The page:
My dear chommie,
I knocked on death’s door three times. Believe me, it was not a pretty sight. I’m 76 years old and people in my age group or older are felled by heart attacks, strokes, diabetes and buckets of other chronic ailments.
February last year I’m diagnosed with cancer of the oesophagus.
This after I complained to my cardiologist about chest pains – a series of them – especially when I was eating. My heart doctor dismissed my complaints, insisting I was chasing shadows. Making things up.
I put my foot down. Demanded he refer me to a gastroenterologist. Chommie, that’s a fancy word for a doctor who specialises in pushing a small camera down the oesophagus and into the stomach. As the camera moves south it takes images of growths on tissue walls.Samples of suspicious growths are cut for later examination: a determination as to whether the growths are malignant or benign.
This procedure is known as a biopsy.
The voyage of discovery starts with a painful injection into a vein on my left hand. This immediately puts me to sleep. I wake up the next morning in a ward and Dr M sits on the side of my bed.
He is holding an X-ray negative with shots of my oesophagus and stomach.
He starts with my stomach. There is nothing to be worried about, he informs me. He pushes northwards to the point where the stomach meets the oesophagus.
“There,” he says, pointing at what to me looks like a sore. “That’s cancer.”
He explains the tumour has narrowed the oesophagus, hence the pain in my chest when I am swallowing. The confirmation of cancer in my body hits me for a six! The first thought is how long do I have to live? I’m numb. I’m afraid. Confused and angry.
Later a nurse arrives and informs me I have a meeting with Dr M the next day. “Bring your wife,” she says as she exits. Why? I conclude in my overactive brain there will be more news like: get your affairs in order. Make sure your will is airtight.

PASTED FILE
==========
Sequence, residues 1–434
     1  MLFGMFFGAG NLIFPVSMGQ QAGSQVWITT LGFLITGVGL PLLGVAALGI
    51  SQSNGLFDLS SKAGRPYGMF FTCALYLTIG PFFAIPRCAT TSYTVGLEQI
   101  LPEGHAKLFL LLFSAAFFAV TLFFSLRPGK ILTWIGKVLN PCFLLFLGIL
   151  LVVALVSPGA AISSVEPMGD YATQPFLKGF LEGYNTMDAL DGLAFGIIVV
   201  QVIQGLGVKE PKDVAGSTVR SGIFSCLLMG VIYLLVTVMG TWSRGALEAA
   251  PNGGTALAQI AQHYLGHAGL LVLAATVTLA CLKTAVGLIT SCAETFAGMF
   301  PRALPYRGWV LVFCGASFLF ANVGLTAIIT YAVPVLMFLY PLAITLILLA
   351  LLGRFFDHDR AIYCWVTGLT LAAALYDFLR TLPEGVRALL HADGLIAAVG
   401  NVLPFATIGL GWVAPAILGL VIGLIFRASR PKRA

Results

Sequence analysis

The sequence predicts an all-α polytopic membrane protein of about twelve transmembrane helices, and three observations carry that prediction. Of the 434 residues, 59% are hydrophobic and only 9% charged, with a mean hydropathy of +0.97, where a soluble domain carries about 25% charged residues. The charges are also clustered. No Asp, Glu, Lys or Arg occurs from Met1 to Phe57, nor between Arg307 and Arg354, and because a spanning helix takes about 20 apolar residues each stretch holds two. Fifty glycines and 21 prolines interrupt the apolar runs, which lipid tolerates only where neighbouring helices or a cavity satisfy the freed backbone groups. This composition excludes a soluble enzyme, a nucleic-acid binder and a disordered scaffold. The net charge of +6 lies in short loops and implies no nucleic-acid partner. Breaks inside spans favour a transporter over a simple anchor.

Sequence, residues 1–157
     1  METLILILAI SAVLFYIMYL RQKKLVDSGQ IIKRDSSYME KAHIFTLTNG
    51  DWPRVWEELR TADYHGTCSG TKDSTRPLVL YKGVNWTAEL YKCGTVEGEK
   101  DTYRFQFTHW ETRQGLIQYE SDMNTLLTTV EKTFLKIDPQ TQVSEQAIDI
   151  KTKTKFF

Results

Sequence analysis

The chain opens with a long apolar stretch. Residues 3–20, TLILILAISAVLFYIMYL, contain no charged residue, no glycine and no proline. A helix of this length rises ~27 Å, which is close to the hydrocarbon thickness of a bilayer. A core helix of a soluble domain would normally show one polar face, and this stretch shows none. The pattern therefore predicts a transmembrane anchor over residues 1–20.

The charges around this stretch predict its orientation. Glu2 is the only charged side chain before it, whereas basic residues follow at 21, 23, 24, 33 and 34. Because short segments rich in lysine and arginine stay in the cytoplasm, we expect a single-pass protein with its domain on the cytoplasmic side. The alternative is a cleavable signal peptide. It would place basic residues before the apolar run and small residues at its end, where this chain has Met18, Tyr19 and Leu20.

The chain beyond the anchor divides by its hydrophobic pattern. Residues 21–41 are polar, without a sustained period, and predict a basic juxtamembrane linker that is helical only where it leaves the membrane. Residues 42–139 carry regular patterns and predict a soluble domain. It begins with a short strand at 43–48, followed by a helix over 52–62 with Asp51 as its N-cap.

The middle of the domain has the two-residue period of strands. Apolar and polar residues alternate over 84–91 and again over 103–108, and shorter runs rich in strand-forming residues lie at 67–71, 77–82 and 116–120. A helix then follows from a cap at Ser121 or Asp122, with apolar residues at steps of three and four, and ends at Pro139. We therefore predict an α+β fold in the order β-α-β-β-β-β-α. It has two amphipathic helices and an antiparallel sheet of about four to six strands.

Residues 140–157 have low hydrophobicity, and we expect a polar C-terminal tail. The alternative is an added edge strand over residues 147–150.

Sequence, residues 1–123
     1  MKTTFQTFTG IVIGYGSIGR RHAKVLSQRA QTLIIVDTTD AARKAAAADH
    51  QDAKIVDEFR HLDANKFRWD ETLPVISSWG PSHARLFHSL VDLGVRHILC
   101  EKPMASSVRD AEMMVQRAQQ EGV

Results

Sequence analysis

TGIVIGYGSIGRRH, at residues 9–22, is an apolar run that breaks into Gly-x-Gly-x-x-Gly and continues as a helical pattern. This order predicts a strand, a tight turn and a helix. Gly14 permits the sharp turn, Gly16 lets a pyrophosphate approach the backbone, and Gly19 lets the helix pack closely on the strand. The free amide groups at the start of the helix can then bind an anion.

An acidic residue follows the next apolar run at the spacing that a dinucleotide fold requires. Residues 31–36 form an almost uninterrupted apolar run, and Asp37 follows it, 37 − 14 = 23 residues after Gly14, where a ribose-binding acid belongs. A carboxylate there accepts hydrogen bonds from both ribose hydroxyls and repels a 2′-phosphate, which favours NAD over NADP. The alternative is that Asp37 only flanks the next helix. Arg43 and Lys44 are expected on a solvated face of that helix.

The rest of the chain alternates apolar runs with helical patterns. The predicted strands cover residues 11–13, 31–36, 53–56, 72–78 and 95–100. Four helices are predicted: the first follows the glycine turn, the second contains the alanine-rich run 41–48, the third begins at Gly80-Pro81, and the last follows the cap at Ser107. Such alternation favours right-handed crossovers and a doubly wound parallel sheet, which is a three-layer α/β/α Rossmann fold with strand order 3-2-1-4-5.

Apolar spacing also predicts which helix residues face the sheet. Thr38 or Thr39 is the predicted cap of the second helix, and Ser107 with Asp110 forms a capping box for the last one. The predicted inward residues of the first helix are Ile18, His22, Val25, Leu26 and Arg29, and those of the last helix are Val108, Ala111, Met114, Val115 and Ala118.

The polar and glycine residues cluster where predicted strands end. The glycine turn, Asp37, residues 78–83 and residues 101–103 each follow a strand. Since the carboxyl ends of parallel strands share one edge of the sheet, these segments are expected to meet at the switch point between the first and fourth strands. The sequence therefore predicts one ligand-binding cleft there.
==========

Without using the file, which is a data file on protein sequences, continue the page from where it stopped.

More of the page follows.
Dr M informs me and my wife, Karen, that my cancer is common among African males from the Eastern Cape. Big deal, I tell myself. Cancer is cancer, no matter what neighbourhood or postal code it originates from. He goes on to assure me that cancer is not a death sentence. It can be cured. Am I relieved? No.
Dr M refers me to a clinic in Parktown where I will receive “world-class” treatment. Yeah right. I’ve now descended to not trusting Dr M even when he informs me that the cancer is isolated and therefore treatable.
In a day or so, I begin my journey. My destination: the cancer ward. Upon arrival, I check in. Chommie, you’d think you are in the large rooms at the department of home affairs. The room is packed. Every seat is occupied by people sick with a range of cancers.
A blood test is done. I’m advised that in 10 minutes the oncologist, Dr W, will review the results. An oncologist is a cancer doctor, chommie. Some are specialists. There are three areas of oncology – radiology, medical oncology and surgical oncology.
Dr W is a specialist medical oncologist. He has a genial personality. He explains that I will be receiving a combination of two treatments – chemotherapy on Mondays and radiation therapy five days a week. The duration of the treatment is six weeks.
Dr W goes on to explain that the goal of chemotherapy and radiation therapy is the complete eradication of the cancer. In the event it is not eliminated, palliative treatment will kick in. This is medication to ameliorate pain while waiting for the appointment with death. Am I a dead man walking?
My wife and I take in Dr W’s frank assessment of my situation. To lighten the moment Dr W inquires whether I still have something in the tank – creative juices to write another TV series. My answer is a short one: if you keep me alive and help me defeat cancer, I will. He smiles.
The following Monday I begin chemotherapy treatment. The cancer ward is huge. It’s a full house. On two sides of the ward are comfortable chairs to lie or sit on.
The majority of the people in the room have drips attached to veins in their arms. An African woman directly in front of me has tubes in the base of her breast transmitting chemicals into her body.
Her breast has been removed. We nod silent greetings of solidarity. A friendly nurse pierces a vein in my left arm and the chemotherapy treatment begins.
For just over two hours, chemicals enter my body through the vein. I’m a rookie. There are individuals in the cancer ward who’ve been at the receiving end of chemotherapy for a while. Some have become friends.
Diagonally across from me is a Muslim woman. She is chomping down samoosas neatly packed in a Tupperware container. She’s on a roll: “If Allah wants me to go, I will not resist. I will just go.”
Chommie: I did not sign up for unsolicited broadcasts from individuals who’ve made peace with death. My mission in the cancer ward is defeating the monster.
As the Welsh poet, Dylan Thomas, so eloquently advises: “Do not go gentle into that good night.”